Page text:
A listener emailed asking for a podcast on why do we have funerals? He told a story how both his wife’s Mum and Dad died last year and they wanted their ashes scattered on a particular beach on their wedding anniversary.
“We scattered their ashes together in a trench we dug in the sand as the tide came in. We wrote their initials by the trench and then drank a toast to them as the waves washed it all away. It was more moving than I was expecting and very apt. In a moment the initials, the trench and their ashes were all gone – with one wave. Just like everything we have built in our lives, and our lives themselves, end in an instant, never to be seen again.”
Our listener was very moved by his experience and was left with the question ‘Why do we have funerals?’ Who are we doing it for? Is it for the person who has died or is it for us?
I would say that although a funeral may represent the wishes of the person who has died and as they are the only person who will not be at the ceremony, I think that funerals are about the needs of the living.
In acknowledging that I intend to buy my own funeral but on the basis that my family can adapt and change whatever they want to meet their needs. My own needs will already have been met, in fact are already met, and in all honesty once I have finished with my body I do not really mind what happens to it. Be it donated to science, buried or burnt, it will be recycled once I am done with it, the only people that my remains will effect is my family. I think it would be supremely unfair of me to tell them what their needs are.
So, if I am right and the funeral is really for the living then why do we do what we do? In most societies the ritual of funeral is dictated by what we believe happens after death. For both humanists and atheists the religiosity is not there and the event can be treated materialistically. In these ceremonies I find there is more grieving than in those that believe that life continues after death.
Once religiosity is in the ceremony there are often issues of ‘the after life’ and that can lead to issues of judgement. Was the person a good person or a bad person? Are they heading for the pearly gates or the fiery furnace? And, when the belief is in re-incarnation there can be the celebration of life, or lives, to come.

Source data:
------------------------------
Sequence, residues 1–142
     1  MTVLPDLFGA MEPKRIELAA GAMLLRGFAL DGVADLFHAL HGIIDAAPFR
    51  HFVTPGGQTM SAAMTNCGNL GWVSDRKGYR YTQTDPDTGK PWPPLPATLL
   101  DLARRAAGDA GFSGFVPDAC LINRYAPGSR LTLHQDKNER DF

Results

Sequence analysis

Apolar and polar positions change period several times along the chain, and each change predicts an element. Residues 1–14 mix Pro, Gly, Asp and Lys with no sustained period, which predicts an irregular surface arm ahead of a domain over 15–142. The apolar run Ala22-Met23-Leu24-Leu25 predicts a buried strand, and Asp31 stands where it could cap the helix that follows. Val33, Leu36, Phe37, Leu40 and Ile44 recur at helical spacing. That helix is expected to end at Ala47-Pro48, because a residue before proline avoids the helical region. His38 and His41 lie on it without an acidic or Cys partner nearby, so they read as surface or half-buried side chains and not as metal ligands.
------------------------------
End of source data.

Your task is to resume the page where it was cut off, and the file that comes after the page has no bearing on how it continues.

Where do we come from and where are we going to?
This question seems to dominate our funeral attitudes. It seems strange to me that the first part of this question, where do we come from, does not hold fear and distress. When a child is born we all clap and smile but we don’t question if there was a pre-life. The second part of the question does for many create fear and apprehension and we do have a concern as to where we are going and we do then question is there an after life.
So what do we do with our dead bodies?
Some believe that cremation (ashes to ashes) is the appropriate way to dispose of a body while other believe that the body should remain intact and be allowed to decay naturally into the ground (dust to dust).
Cultures that worship the ancestors may collect bones and keep all the bones of many generations in the same building or cave that becomes a focal point of spiritual observance. To obtain the bones some cultures would put the dead, respectfully, on the rocks allowing the birds to pick them clean. While other cultures seek to preserve the body for the after life through mummification.
Whatever happens to the body, and I may be wrong here, it does not effect the person who once inhabited it. So, what we do with the remains is for the benefit of those that are alive not the dead.
My resource of the week is a death file. I have seen so many situations where the necessary information was never shared before someone’s death so that after the event people were hunting for the necessary information. I will ensure that my family have all that ready for them, including a paid for funeral which, as I said they can adapt to fit their needs. I would suggest that, whatever age you are now, you consider doing the same. None of us know the time of our ending just as none of us know where we are going.
Take care, be happy and live whatever life remains for you with a smile